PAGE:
Your ds is very lucky that you have questioned those you work w/ & did not follow their advice. I imagine others haven't been so lucky.
You said you are a nurse. There is a group of nurses called "Nurses for the Rights of the Child." You may want to look them up for support as a nurse w/ an intact child & to possibly educate those you work with.
There is also the group, Doctors Opposing Circumcision, that have a number of educational materials.
Unfortunately, those you work w/ are completely wrong. The foreskin in an immature penis is fused to the glans (much like our fingernails are fused to our fingers), which is part of what makes circumcision so bad - the foreskin is forcibly separated from the glans before amputation. This is also part of what makes circumcision after sexual maturity less traumatic because the foreskin will most likely be separated already (not all males end up retracting, but most do by sexual maturity - even those who don't can go on to have normal lives, so it is not worrisome). It is my theory (don't knwo that it's ever been studied) that the reason why you hear so many stories of "he just had to be circumcised at x age," is because of forcible retraction & the problems it causes. It may not *look* like it causes problems in the beginning, but since the foreskin is supposed to be fused to the glans, it causes problems down the road. It is also related to the incorrect assumption that a boy should retract by x age. It's also my theory that the studies claiming a reduction in UTIs in circ'd babies is because the intact babies are forceably retracted & this makes infection, bacteria introduction, etc. likely.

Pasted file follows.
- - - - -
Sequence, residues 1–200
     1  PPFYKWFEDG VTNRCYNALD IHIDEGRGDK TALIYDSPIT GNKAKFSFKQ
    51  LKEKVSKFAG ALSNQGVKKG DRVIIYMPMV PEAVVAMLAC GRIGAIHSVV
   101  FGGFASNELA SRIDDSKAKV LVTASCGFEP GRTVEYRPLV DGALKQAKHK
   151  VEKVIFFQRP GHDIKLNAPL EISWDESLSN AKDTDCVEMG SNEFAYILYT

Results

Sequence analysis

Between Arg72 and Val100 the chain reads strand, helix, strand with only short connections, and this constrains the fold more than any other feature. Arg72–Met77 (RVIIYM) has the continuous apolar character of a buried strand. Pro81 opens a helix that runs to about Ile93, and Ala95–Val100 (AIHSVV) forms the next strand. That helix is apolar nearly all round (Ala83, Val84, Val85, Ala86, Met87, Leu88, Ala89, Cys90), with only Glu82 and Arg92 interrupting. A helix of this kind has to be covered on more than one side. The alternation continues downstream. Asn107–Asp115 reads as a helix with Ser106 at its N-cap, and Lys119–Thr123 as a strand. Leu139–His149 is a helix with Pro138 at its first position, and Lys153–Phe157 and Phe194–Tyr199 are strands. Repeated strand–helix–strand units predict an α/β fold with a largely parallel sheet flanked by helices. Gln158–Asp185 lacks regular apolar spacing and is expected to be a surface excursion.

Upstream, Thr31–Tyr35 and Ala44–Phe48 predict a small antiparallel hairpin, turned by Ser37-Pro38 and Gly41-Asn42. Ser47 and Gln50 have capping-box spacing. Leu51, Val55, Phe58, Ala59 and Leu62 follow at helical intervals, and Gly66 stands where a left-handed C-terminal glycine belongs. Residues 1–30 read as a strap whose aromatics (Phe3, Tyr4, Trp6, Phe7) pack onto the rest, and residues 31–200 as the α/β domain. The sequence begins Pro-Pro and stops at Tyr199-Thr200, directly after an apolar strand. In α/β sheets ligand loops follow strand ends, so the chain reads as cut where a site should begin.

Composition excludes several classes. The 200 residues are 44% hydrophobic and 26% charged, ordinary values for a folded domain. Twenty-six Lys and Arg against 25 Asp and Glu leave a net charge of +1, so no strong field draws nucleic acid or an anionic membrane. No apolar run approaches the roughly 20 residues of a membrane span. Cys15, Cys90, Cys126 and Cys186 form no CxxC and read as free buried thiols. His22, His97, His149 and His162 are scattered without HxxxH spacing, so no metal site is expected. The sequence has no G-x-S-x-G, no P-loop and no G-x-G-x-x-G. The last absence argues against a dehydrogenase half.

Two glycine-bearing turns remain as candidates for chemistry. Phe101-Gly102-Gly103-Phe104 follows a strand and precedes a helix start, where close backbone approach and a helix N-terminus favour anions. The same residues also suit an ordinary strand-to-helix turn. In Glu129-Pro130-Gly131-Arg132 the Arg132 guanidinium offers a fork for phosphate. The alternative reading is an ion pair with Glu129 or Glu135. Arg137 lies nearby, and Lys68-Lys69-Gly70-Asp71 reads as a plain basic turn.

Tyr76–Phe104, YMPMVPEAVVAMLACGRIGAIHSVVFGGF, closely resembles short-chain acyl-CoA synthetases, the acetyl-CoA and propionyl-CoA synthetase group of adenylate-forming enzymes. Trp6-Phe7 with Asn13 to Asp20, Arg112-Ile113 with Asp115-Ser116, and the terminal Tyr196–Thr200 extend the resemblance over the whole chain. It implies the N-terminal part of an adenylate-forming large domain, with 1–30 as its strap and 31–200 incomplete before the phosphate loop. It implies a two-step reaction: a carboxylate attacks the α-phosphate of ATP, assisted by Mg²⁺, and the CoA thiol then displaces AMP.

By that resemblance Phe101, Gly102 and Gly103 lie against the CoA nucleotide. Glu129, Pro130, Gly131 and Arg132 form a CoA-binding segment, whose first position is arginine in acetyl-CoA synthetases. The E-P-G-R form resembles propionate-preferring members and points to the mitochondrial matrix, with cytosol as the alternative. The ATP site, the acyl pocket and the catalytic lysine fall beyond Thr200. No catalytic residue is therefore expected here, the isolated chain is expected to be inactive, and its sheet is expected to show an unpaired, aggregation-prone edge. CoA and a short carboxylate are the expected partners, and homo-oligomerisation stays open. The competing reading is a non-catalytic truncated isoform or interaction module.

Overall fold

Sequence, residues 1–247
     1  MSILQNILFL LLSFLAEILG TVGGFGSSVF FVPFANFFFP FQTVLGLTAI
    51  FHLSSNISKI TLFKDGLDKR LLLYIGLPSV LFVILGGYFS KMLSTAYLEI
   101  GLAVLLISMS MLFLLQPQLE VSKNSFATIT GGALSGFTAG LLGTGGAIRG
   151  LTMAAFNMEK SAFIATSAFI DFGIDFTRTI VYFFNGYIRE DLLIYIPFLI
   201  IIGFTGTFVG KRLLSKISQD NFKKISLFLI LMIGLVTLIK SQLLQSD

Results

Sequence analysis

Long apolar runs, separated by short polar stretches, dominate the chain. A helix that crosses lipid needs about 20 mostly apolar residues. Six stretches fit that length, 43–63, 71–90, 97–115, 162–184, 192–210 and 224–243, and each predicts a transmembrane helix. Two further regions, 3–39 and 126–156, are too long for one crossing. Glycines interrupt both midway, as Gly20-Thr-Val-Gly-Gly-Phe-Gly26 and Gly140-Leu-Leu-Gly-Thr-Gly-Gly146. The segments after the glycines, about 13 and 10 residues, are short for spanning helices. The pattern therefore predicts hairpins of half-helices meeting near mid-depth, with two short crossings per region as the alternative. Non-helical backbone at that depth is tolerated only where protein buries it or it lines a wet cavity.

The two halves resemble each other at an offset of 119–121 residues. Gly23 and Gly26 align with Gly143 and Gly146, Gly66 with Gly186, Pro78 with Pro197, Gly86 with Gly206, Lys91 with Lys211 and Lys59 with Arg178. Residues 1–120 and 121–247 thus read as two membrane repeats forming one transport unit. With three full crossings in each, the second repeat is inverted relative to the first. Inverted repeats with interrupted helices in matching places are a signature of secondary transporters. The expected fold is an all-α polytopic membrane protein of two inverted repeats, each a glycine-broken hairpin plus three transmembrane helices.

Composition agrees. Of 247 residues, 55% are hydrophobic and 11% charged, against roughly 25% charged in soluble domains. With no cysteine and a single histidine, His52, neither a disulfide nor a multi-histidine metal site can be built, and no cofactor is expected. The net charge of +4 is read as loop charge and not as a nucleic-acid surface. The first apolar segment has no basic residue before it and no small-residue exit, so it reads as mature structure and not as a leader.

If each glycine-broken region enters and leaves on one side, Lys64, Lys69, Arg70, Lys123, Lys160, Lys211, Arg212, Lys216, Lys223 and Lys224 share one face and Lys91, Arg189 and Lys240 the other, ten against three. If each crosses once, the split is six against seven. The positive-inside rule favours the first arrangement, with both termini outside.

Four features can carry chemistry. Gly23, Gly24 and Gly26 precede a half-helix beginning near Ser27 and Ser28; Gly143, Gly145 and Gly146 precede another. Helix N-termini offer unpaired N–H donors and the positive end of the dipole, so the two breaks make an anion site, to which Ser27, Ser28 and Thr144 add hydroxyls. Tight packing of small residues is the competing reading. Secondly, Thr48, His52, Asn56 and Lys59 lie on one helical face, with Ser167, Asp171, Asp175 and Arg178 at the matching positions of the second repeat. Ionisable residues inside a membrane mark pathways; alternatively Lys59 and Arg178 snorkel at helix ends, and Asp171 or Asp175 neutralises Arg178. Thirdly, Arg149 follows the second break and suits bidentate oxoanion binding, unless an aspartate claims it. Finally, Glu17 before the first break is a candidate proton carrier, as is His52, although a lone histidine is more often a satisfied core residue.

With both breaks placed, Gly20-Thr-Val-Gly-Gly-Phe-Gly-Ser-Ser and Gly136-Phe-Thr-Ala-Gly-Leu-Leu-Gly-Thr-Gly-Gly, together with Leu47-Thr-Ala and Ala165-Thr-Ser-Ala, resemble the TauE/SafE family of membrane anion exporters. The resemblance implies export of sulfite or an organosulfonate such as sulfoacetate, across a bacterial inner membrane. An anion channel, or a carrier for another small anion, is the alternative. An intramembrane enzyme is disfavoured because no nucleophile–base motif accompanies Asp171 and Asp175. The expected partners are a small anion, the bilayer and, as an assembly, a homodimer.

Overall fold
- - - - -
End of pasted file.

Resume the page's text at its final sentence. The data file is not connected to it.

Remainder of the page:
The penis owner is the one who is in charge of retracting, no one else. As he gets older, he'll likely begin to play w/ it which will aid in the separation process. Past puberty, if he isn't retractable, a hormone cream (can't remember what it's called) can be used to see if that will help. Using this prior to puberty though will likely result in him returning to non-retractable once the cream is stopped.
Again, I think your son is very lucky that you did not follow their advice w/o question. I think you are in a unique position to educate those you work with & possibly prevent other boys from being harmed. Much like we don't clean the insides of baby girls (just what is seen), there is no cleaning required of what is not seen in boys.
I hope you will stick around. And, feel free to ask more questions. You've got one lucky boy there!